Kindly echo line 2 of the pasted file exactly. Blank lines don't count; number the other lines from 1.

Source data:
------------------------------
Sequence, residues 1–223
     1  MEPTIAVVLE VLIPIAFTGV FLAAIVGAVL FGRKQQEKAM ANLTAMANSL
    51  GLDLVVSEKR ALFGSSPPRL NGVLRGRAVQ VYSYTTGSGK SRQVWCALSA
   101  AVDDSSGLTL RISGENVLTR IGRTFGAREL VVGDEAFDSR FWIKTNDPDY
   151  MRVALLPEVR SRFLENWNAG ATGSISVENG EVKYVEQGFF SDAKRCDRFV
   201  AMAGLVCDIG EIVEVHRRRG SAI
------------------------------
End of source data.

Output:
     1  MEPTIAVVLE VLIPIAFTGV FLAAIVGAVL FGRKQQEKAM ANLTAMANSL